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Perspectives of immunotherapy in isocitrate dehydrogenase-mutant gliomas

Friedrich, Mircoa,b; Bunse, Lukasa,b; Wick, Wolfgangb,c; Platten, Michaela,d

doi: 10.1097/CCO.0000000000000478

Purpose of review The present review introduces recent progress in eliciting the role of mutant isocitrate dehydrogenase (IDH) in gliomas, especially regarding its mode of action as a modulator of antitumor immune response, and provides rationales for targeting mutant IDH in glioma immunotherapy. Both the development of small molecule inhibitors repressing the enzymatic activity of mutant IDH and novel, mechanism-led combination immunotherapies are discussed.

Recent findings Since the discovery of highly frequent IDH mutations in low-grade gliomas and nonsolid malignancies, its tumor cell-intrinsic effects have been intensively investigated. Tumor cells expressing mutant IDH display profound alterations of redox control capacity, phospholipid profile, and ATP supply. Recent findings suggest that IDH mutations – via intricate, yet druggable pathways – cause immunological alterations, highlighting the importance of oncogenic drivers as modulators of antitumor immunity and targets for immunotherapy.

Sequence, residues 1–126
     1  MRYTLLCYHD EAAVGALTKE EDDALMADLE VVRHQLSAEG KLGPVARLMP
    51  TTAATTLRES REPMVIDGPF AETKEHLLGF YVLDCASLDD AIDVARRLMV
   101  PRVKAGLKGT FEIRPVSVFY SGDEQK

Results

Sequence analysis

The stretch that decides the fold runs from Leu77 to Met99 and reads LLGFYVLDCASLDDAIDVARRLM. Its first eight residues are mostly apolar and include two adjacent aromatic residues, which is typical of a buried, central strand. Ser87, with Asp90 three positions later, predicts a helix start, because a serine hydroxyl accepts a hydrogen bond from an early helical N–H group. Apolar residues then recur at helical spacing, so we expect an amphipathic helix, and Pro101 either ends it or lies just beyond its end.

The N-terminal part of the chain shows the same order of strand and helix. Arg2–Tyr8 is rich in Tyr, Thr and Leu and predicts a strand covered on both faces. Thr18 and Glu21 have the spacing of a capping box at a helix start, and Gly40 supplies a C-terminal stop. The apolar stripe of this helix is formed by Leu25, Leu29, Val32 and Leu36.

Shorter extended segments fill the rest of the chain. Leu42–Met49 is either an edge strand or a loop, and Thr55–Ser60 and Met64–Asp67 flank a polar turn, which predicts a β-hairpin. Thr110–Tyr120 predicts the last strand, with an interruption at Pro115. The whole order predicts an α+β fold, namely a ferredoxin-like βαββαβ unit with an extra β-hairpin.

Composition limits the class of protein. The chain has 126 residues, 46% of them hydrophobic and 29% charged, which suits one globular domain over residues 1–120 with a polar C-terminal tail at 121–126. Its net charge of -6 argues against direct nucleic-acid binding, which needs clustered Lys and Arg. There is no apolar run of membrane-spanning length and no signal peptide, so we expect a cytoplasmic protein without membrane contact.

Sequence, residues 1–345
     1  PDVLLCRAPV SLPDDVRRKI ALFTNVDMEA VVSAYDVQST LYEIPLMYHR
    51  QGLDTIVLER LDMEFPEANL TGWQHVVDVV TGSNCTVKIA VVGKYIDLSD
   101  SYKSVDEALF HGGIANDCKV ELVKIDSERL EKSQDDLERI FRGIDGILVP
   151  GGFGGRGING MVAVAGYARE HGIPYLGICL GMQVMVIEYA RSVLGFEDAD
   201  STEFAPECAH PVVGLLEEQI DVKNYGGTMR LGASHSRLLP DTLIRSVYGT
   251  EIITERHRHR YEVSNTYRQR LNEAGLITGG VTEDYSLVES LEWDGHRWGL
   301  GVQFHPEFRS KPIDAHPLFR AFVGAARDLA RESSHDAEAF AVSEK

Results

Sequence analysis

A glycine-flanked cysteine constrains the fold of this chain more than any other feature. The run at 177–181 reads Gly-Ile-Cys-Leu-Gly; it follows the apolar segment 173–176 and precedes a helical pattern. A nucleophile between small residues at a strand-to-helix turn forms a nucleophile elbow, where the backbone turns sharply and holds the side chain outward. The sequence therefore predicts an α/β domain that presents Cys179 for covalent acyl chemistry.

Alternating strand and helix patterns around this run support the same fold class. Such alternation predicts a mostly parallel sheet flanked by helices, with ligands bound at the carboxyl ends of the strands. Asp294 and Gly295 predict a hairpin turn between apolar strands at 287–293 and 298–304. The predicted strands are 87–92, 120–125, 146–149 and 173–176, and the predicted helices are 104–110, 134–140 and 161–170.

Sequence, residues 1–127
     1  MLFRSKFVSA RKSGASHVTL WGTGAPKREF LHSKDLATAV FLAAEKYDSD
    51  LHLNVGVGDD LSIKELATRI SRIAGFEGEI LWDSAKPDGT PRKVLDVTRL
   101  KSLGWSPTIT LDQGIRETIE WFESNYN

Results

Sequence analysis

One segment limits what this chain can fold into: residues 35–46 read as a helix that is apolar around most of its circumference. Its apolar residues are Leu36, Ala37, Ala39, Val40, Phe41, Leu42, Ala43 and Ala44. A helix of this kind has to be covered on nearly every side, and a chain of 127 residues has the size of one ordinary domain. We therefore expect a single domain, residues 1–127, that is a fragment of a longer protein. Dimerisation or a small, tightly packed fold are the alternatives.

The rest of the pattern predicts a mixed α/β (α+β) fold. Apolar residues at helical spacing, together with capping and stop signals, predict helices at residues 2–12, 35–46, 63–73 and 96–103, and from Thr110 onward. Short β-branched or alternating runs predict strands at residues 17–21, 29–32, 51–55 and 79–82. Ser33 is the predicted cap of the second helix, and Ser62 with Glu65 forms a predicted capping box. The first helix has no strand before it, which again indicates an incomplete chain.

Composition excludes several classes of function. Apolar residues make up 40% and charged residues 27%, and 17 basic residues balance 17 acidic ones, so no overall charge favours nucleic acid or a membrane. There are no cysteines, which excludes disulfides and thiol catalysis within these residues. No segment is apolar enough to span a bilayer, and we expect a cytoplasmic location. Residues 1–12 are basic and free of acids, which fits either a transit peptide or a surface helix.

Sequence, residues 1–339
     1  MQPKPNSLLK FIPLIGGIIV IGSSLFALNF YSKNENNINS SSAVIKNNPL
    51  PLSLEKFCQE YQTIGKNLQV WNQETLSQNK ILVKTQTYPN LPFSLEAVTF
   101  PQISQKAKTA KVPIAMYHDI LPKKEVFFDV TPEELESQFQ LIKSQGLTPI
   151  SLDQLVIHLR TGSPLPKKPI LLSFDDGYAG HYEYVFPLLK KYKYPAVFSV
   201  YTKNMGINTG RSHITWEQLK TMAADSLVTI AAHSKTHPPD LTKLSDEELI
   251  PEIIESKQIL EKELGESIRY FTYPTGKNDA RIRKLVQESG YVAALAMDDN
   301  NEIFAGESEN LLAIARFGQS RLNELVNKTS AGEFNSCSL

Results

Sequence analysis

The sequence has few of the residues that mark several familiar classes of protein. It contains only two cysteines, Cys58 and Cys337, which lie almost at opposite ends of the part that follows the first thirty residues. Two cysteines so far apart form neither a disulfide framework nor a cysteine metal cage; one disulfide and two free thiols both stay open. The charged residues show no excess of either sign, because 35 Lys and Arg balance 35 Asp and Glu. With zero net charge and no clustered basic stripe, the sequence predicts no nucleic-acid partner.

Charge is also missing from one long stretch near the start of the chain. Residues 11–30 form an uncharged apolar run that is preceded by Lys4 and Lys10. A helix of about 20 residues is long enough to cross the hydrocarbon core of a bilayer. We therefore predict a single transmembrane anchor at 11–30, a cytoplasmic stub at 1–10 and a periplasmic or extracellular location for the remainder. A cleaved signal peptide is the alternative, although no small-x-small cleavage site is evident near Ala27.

Summary Mutant IDH is not only a disease-defining biomarker and oncogenic driver in glioma, but is also a neoantigen and a regulator of glioma immune evasion. Effective and specific strategies targeting the immunomodulatory properties of mutant IDH may complement current (immuno-)therapeutic strategies and approved antiglioma treatments to improve outcome.

aGerman Cancer Consortium (DKTK) Clinical Cooperation Unit Neuroimmunology and Brain Tumor Immunology, German Cancer Research Center (DKFZ)

bNeurology Clinic Heidelberg, Heidelberg University Hospital

cGerman Cancer Consortium (DKTK) Clinical Cooperation Unit Neurooncology, German Cancer Research Center (DKFZ)

dDepartment of Neurology, Medical Faculty Mannheim, Heidelberg University, Heidelberg, Germany

Correspondence to Michael Platten, MD, Clinical Cooperation Unit Neuroimmunology and Brain Tumor Immunology, German Cancer Research Center (DKFZ) and Mannheim University Hospital, Mannheim, Germany. Tel: +49 621 383 2885; fax: +49 621 383 3807; e-mail:

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